As far as the interpretations of the war--the influence of writing about the war in the public--academic historians have not taken the lead in this. If you think about the important books about Vietnam, the ones with impact are books like Stanley Karnowís and the book on John Paul Vann [A Bright, Shining Lie]. These have not been books by academics. However, with the end of the Cold War, it is now possible to get into the records of the other side in ways that we could not before.

For example, the records of the East German government, which ceased to exist a little while ago, are available. The East Germans got lots of stuff from the Russians and Hanoi about what was going on in the war. In Hanoi itself, itís possible to use a very limited number of records.

As far as the air campaign against Vietnam, the criticism most often voiced is that President Johnson made a botch of this. That he made the military carry out this air campaign with one hand tied behind its back. That he was overly worried about the Chinese and the Russians and, therefore, he engaged in this very gradually increasing air campaign, which gave the other side a chance to build up its anti-aircraft defenses.

Now we know that both Johnson and his critics were right. Johnson was right because we now know that the Chinese were prepared to come into the war under certain circumstances. That is, if the U.S. had really gone in and looked like they were going to flatten North Vietnam, the Chinese probably would have entered the war. At least they say they would have. The records at the time show that they were prepared to do that under certain conditions.

On the other hand, Curtis LeMay and those guys were not completely wrong either. We know from some records in the Politburo in Hanoi that some people were not enthusiastic about carrying on the war in Southern Vietnam. They were saying,"If we keep this up, the Americans are just going to come in and destroy our industry and set our economy back ten years. Maybe we should think this over." That faction lost. But Curtis LeMay, if he were still around, would have been happy to know the idea that you could intimidate people through air power was not totally unfounded.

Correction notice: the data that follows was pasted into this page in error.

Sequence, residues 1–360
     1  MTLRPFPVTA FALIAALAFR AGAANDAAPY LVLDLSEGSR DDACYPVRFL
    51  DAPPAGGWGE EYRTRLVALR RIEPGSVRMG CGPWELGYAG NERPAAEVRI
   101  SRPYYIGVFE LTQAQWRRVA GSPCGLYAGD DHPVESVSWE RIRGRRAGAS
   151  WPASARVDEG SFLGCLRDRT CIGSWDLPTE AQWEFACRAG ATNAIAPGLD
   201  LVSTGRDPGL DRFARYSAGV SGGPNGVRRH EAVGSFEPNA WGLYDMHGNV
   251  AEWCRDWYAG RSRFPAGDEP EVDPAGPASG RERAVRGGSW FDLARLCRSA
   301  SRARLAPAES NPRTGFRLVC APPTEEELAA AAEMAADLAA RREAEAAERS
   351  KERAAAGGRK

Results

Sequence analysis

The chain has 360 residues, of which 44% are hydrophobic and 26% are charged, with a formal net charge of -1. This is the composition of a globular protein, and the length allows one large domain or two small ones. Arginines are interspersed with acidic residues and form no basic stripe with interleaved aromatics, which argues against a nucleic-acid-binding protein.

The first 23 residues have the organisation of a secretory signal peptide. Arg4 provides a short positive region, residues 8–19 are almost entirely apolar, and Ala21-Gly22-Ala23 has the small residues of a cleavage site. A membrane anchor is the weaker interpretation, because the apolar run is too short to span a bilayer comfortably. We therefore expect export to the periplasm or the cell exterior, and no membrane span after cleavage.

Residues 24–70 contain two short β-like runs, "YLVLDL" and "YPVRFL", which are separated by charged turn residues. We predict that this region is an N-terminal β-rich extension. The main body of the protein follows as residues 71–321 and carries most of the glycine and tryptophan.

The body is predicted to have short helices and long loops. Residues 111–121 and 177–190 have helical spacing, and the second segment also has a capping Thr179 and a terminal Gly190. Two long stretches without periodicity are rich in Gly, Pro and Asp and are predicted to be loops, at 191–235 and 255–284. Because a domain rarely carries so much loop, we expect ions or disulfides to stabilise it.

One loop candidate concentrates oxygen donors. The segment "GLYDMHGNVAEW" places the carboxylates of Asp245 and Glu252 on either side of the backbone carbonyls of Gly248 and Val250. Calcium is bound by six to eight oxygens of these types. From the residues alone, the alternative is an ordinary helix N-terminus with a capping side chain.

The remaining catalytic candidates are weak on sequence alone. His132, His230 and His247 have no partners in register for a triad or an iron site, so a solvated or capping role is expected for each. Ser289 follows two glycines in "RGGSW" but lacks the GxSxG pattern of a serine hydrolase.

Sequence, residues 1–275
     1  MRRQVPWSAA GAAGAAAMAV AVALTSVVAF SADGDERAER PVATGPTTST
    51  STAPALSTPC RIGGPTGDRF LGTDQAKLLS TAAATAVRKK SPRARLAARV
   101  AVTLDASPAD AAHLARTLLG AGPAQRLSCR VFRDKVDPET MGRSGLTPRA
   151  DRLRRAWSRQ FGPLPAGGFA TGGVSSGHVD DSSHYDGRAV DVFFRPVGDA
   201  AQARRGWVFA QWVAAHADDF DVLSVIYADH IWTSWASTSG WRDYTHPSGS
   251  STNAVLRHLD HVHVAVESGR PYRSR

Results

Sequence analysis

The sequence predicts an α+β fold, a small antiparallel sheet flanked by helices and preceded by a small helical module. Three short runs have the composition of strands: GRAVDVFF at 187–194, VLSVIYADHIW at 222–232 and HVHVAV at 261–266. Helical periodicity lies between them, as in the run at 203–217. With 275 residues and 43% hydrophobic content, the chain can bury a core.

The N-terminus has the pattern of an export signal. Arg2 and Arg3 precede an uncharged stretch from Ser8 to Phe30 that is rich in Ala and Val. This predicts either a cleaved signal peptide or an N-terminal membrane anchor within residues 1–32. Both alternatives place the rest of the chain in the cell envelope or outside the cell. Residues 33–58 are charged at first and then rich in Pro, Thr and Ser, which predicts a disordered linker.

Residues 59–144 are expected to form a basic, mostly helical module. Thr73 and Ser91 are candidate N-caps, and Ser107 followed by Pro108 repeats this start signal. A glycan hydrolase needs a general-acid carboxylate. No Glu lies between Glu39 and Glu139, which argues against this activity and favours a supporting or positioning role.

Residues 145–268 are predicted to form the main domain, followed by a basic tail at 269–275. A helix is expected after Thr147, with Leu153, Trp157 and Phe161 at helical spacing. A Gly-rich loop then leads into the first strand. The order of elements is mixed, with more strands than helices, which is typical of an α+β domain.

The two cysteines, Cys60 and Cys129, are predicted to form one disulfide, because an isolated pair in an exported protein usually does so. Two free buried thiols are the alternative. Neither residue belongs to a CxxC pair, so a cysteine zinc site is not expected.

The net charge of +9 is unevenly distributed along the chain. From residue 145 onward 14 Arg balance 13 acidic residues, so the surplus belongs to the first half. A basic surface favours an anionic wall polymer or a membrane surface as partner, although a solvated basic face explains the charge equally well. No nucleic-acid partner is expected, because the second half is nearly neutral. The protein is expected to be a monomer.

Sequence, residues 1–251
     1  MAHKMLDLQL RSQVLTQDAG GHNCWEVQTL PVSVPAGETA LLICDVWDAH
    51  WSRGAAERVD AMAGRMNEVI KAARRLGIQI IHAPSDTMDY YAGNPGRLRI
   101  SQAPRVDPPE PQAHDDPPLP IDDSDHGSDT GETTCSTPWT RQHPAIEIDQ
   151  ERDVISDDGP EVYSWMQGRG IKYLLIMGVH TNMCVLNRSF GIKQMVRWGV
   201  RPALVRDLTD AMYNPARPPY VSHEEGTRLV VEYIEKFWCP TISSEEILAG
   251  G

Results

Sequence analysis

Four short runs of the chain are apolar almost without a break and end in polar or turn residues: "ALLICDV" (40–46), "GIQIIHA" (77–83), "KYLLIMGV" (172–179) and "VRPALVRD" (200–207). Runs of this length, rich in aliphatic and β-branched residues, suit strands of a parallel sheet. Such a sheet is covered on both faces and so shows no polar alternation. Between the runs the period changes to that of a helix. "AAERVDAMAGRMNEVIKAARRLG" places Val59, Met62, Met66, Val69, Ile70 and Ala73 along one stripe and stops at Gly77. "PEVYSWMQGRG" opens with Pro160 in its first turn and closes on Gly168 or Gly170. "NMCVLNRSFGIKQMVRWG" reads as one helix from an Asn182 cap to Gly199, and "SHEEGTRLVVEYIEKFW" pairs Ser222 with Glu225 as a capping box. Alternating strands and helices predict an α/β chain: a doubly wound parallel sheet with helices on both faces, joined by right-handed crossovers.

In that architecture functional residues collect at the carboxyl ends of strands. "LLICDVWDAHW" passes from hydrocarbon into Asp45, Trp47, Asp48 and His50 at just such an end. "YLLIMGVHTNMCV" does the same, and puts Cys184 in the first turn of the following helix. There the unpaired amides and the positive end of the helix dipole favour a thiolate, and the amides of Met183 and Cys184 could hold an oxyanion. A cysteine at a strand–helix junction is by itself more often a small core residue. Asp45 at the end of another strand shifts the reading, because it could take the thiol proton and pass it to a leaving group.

Harold Moore: In 1965, I was an infantry battalion commander in the 11th Air Assault Division at Fort Benning, Georgia, testing air mobility and air assault techniques. We were changed into the First Cavalry Division in July of 1965. On the 28th of 1965, President Johnson came on national TV and told the world that on that day he had ordered the First Cavalry Division to Vietnam.

We expected President Johnson in his next breath to say that he had also frozen enlistments and discharges so that we would send our troops to Vietnam equipped as best as possible to fight this enemy. But he did not freeze enlistments. He did not freeze discharges.

On the other hand, I was required--as was every other battalion commander in that division--to leave behind men I had trained for a year and a half because they had less than 60 days left to serve. The Commander-in-Chief sent the First Cav Division to war under-strength. I lost over 150 men.

He came out with some right tough talk on TV that day. He said, "We intend to convince the communists that we cannot be defeated by force of arms or by superior power." But he didnít put his money where his mouth was. He sent us to war under-strength. And I never was up to strength all the time I was a battalion and a brigade commander in Vietnam. You just suck it up, and you just do it. Thatís Number One Point.

Number Two: In November of that year, my battalion went into one hell of a battle in the Ia Drang Valley. I lost 79 men killed and 121 wounded. At the end of three days, we walked across enemy bodies and picked up their weaponsĖhundreds of them. Thus was born the strategy of attrition, which some historians call a non-strategy. It surprised me that we went to a strategy of attrition.

When we were doing research on our book, we came across some unclassified CIA memoranda. One was dated December 8, 1965, and said there are four million draft-age men in North Vietnam. Another, on the 16th of January in 1966, said Hanoi can send 4,500 men to the South every month. Another one, dated 9 April 1966, said Hanoi can fill the attrition gaps plus train up to 40 regiments--60,000 men a year--for South Vietnam. Nevertheless, the strategy of attrition was pursued for several years and put a lot of those 58,000 names on that wall in Washington.

The next item I want to mention is the difficulty of fighting in Vietnam in heavily populated areas and some of the effects of that. The very thing that saved us in Vietnam, in addition to my disciplined troopers, was fire power.

On my next operation I was ordered to clear out the North Vietnamese from the Bong Son Plain and turn it over to the government of Vietnam. I did so. It took over a month to do it. I lost 82 more of my precious men, killed. We turned it over to the government of Vietnam, and within one week the North Vietnamese were back. At that point I thought, "Wait a minute. If the Vietnamese canít control this small area along the South China Sea, how can they possibly control all of South Vietnam even if we do defeat this enemy?" That brings up another question: What do you mean by winning?